3. says:

    Very interesting of early Mesopotamian cooking, based on three cuneiform tablets dating back to 1600 BCE some fascinating information about the kind of foods people ate, how food was used for rituals and daily living, and partial recipes with some unknown ingredients that can t be translated A great look at a neglected field of archeology.

  4. says:

    Very fun The odd work written by a scholar for a popular audience that seems to both further the state of understanding of its subject and remain accessible Cooking in Akkad doesn t sound like it was awesome, but I was surprised by how similar many techniques were to present practices.

  5. says:

    Este libro responde a una pregunta que seguro que os hac is a diario qu com an los sumerios Pese a la premisa, es muy ameno de leer, no entra en detalles sobre la civilizaci n y su historia y se centra en el tema A partir de tres tablillas o sea, muy poco material consigue reconstruir una dieta a base de cereales y cerveza, adem s de carne y especias.

  6. says:

    While I did enjoy this book, I went into it with false expectations set up by the blurb Offering everything from translated recipes for pigeon and gazelle stews, the contents of medicinal teas and broths, It gives the impression that one might be able to try the recipes included within, but unless you have a very active imagination and some powers to see into the past, good luck on that one.I cannot and do not fault Bottero s scholarship at all I don t believe that Bottero had a hand in While I did enjoy this book, I went into it with false expectations set up by the blurb Offering everything from translated recipes for pigeon and gazelle stews, the contents of medicinal teas and broths, It gives the impression that one might be able to try the recipes included within, but unless you have a very active imagination and some powers to see into the past, good luck on that one.I cannot and do not fault Bottero s scholarship at all I don t believe that Bottero had a hand in writing the marketing synopsis if he did, after reading the book to its conclusion, I m sure the emphasis would have been quite different The book was interesting, though, and if I had been reading it for pleasure rather than with specific research questions in mind, I would have enjoyed it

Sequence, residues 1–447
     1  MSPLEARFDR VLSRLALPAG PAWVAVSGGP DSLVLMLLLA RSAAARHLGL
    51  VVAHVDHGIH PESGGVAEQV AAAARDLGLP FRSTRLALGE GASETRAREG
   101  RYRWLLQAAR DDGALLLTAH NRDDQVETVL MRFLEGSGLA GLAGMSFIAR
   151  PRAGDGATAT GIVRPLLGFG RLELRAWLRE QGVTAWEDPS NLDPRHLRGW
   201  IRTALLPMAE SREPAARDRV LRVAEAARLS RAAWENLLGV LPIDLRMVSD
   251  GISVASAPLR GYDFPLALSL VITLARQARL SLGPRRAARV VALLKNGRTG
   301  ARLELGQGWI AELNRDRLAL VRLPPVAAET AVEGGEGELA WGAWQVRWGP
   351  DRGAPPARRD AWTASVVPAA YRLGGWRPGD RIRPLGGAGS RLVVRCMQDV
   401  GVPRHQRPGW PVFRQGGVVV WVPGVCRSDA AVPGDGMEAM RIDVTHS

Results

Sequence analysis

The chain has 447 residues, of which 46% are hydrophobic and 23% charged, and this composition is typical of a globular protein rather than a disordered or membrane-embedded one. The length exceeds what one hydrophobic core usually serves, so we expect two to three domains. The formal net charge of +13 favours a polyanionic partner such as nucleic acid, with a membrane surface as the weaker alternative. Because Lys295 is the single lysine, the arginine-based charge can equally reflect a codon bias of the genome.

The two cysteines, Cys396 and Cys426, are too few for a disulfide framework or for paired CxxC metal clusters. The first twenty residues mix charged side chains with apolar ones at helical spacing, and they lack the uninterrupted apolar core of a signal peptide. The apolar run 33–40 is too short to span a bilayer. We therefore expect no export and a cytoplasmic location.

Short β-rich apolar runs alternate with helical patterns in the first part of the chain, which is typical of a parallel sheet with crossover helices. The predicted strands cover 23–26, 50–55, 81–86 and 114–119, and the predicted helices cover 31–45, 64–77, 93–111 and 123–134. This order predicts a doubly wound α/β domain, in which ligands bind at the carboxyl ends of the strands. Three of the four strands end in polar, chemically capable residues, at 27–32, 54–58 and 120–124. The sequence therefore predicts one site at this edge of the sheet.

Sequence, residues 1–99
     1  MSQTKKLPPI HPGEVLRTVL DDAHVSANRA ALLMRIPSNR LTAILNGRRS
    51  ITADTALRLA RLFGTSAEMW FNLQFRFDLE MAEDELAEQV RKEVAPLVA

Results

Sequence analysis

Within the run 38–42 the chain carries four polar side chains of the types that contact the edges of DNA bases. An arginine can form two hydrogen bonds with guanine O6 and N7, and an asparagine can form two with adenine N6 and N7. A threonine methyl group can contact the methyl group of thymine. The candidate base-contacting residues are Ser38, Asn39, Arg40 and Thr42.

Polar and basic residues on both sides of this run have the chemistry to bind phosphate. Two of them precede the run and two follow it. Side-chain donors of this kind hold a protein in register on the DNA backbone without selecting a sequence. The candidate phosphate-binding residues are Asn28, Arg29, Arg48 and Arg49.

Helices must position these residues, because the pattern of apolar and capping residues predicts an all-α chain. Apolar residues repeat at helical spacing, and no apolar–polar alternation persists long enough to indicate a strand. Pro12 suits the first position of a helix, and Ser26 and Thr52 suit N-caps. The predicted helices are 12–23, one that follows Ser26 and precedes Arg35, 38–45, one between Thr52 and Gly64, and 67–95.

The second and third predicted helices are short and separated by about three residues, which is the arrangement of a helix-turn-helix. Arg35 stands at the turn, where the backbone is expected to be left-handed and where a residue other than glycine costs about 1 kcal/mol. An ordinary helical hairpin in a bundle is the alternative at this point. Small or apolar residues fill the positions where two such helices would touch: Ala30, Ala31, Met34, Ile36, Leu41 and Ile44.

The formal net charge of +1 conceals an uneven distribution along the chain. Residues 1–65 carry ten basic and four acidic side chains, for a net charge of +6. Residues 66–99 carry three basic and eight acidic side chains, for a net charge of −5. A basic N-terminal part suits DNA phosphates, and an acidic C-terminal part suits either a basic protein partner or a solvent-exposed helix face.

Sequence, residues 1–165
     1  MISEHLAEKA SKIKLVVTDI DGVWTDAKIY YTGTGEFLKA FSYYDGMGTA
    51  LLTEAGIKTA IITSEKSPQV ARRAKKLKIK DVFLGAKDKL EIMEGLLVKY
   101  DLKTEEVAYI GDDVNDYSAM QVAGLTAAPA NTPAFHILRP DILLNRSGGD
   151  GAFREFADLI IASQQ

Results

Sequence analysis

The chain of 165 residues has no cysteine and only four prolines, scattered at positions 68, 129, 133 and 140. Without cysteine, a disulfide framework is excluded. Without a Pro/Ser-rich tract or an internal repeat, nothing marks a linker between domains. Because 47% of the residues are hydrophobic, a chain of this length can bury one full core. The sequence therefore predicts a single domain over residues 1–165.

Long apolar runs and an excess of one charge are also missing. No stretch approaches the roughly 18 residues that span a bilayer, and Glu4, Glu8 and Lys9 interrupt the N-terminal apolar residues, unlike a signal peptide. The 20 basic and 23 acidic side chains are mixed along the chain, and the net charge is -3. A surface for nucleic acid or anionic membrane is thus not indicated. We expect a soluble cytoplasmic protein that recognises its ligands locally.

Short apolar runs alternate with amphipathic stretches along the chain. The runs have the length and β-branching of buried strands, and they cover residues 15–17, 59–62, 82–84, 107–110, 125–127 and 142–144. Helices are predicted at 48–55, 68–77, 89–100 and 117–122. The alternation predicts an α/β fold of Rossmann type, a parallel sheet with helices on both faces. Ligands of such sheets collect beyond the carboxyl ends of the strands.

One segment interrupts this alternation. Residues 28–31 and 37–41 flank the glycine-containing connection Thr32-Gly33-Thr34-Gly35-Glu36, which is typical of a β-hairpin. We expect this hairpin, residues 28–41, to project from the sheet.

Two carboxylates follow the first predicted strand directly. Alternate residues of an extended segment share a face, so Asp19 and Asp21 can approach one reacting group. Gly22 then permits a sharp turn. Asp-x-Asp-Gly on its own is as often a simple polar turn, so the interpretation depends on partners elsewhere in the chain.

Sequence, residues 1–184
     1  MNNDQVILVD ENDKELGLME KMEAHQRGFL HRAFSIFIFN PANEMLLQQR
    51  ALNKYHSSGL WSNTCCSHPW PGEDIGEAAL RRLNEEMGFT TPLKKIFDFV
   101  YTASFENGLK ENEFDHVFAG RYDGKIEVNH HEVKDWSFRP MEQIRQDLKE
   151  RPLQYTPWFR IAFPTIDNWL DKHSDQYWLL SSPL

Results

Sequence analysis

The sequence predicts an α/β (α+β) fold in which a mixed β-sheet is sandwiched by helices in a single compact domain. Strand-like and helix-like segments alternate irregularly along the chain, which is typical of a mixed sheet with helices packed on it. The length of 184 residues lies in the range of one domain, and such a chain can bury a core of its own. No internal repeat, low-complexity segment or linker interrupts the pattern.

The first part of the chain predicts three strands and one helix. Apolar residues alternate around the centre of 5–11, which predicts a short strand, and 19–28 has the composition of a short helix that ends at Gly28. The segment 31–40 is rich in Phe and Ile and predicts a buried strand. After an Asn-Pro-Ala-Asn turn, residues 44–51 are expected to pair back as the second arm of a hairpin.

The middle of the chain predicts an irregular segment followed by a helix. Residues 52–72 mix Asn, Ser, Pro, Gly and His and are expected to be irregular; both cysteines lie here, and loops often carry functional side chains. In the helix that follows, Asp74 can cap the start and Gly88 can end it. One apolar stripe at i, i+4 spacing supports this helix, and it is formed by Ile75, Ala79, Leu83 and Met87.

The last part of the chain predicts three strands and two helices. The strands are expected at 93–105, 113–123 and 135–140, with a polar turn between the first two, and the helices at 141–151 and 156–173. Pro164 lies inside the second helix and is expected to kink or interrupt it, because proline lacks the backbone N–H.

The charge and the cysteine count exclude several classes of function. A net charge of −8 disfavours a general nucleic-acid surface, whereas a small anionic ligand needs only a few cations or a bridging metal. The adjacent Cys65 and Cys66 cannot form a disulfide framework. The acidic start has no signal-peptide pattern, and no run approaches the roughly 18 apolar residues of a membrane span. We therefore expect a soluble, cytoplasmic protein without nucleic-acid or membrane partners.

7. says:

    Despite what other reviews said, I thoroughly enjoyed this book It WAS a little academic, but the author clearly explains that, as well as the purpose of the book, in the first few pages Due to the nature of the subject, it was fairly dry in certain areas, but that is to be expected It is non fiction after all Overall, I didn t find it dense, but extremely interesting and well written I give this a 4.5 Definitely worth a read if you re interested in the topic.

  8. says:

    A French Sumeriologist gets in touch with his inner gourmand to parse the 3 or 4 known cuneiform tablets about fine dining Yummy for the brain but unfortunately not the tongue There are no Mesopotamian cafes in Seattle, but how about San Francisco